SHE. (1965) REVIEW BY SANDRA HARRIS. ©

SHE. (1965) A HAMMER FILM PRODUCTION DIRECTED BY ROBERT DAY AND BASED ON THE 1887 NOVEL BY H. RIDER HAGGARD.

STARRING BOND GIRL URSULA ANDRESS, PETER CUSHING, JOHN RICHARDSON, BERNARD CRIBBINS, ANDRE MORELL, ROSENDA MONTEROS AND CHRISTOPHER LEE.

REVIEW BY SANDRA HARRIS. ©

Hammer was going crazy at one point for the fem-dom ‘dominant female’ films, films like this one and THE VENGEANCE OF SHE, PREHISTORIC WOMEN, THE VIKING QUEEN and even BLOOD FROM THE MUMMY’S TOMB.

I’ve never been mad about these ones, with the exception of the superb BLOOD FROM THE MUMMY’S TOMB, which I’m only including here because Valerie Leon comes across as quite dominant in her dual portrayal of Margaret Fuchs and the Egyptian Queen Tera, and which isn’t really part of the series.

I much prefer the Hammer films in which the male is dominant, for example, the Dracula films starring Christopher Lee. I was quite uncomfortable watching Christopher Lee in SHE grovelling around at Ursula Andress’s feet, referring to her as She Who Must Be Obeyed and scarcely daring to lift his eyes to her for fear of offending her and incurring her all-encompassing wrath.

Anyway, the film. Guy meets a girl in a bar on foreign shores, then the very next day he’s on a mad quest across the desert with his ex-army chums to rediscover an ancient lost city and get with another, even hotter girl. That’s about the gist of it, but let’s examine the particulars, shall we?

The guy is the blonde, handsome Leo Vincey, played by a pre-ONE MILLION YEARS B.C. John Richardson, before he grew so much facial hair he was virtually unrecognisable as himself.

The foreign shores are Palestine’s, immediately after the first world war, and the first hot girl, the one from the bar, is a dusky beauty called Ustane, who is used as a decoy initially, but who falls hard and heavy for ‘her Leo’ from the off.

The chums are Peter Cushing as Professor Holly and Bernard Cribbins as Job, orderly/batman to his two commissioned gentlemen, Holly and Vincey, who are free to pursue this wild goose chase now that the war is over.

The ancient lost city is Kuma, in a previously unexplored region of North-East Africa. It is ruled by the stunningly beautiful immortal queen and high priestess Ayesha, aka She Who Waits or She Who Must Be Obeyed. What exactly is she waiting for? Well, therein hangs a tale…

Several thousand years ago, this jealous beauty murdered her lover, Kallikrates, for betraying her with another woman. All these years, she’s waited for Kallikrates to return to her, and now, with the arrival in her kingdom of Leo, Kallikrates’ exact double, she thinks her years of waiting have come to an end.

But the beautiful Ayesha is a cruel and vengeful queen, who by her own admission, rules through fear and terror. Her treatment of the black slaves in her kingdom (very non-politically correct; you couldn’t do it nowadays) is appalling.

There’s an absolutely horrific scene in which fifteen innocent young black males are forced to a terrible death just so that Ayesha can be seen to be a tough ruler whom none dare disobey. She’s a proper little madam, is what she is.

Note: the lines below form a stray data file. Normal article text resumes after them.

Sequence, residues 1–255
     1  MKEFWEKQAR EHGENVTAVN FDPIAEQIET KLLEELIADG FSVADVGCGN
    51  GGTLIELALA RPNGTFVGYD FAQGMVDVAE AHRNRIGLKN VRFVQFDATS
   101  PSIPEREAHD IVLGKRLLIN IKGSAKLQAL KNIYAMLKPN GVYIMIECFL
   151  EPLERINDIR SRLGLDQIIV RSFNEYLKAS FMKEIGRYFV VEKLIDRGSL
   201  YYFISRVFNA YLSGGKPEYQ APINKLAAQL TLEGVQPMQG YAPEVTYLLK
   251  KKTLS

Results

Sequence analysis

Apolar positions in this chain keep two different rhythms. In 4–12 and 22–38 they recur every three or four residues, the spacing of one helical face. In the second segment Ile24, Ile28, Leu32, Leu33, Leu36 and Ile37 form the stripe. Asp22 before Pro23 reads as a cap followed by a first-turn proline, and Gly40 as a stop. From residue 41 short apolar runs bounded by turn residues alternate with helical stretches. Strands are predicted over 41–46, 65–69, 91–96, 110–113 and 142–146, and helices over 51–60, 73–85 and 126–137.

Christopher Lee as her gimpy high priest Billali would be doing her more of a service by putting her over his knee for a blistering spanking, rather than by grovelling at her feet in the dust wearing ridiculously unflattering headgear while saying yes ma’am no ma’am on repeat till the cows come home.

Anyway, will Ayesha succeed in getting Leo to walk through the flame of immortality with her, to rule serenely by her side forever, or will her jealous and diva-like behaviour only result in pushing Kallikrates away from her for another several millenia? Knowing Ayesha’s capricious nature, nothing is guaranteed…

I love Andre Morell (Hammer’s THE PLAGUE OF THE ZOMBIES) as Ustane’s lovely Pops, Haumeid, who rules the army of Ayesha’s slaves, the Amahagger, and also Bernard Cribbins as Job, the gentlemens’ gentleman.

He’d be the kind of devoted orderly/valet (like Reginald Jeeves) who would die of shame if either of his gentlemen went out of an evening incorrectly dressed. That would reflect on him, it would, him and his poor valeting, and he’d rather die than be known as a poor valet.

You know who could really use some good valeting? Poor Billali (who at the end makes an ill-starred grab for the power previously denied him) and his dreadful beehive head-dress. We all know how Jeeves dealt with any ill-advised novelty items of costume or headgear favoured by his master, Bertie Wooster. Job, be a darling and see what you can do, will you…?

AUTHOR BIOGRAPHY OF SANDRA HARRIS.

Sandra Harris is a Dublin-based novelist, poet, short story writer and film and book blogger. She has studied Creative Writing and Film-Making. She has published a number of e-books on the following topics: horror film reviews, multi-genre film reviews, women’s fiction, erotic fiction, erotic horror fiction and erotic poetry. Several new books are currently in the pipeline. You can browse or buy any of Sandra’s books by following the link below straight to her Amazon Author Page: http://www.amazon.com/-/e/B015GDE5RO

Her debut romantic fiction novel, ‘THIRTEEN STOPS,’ is out now from Poolbeg Books.

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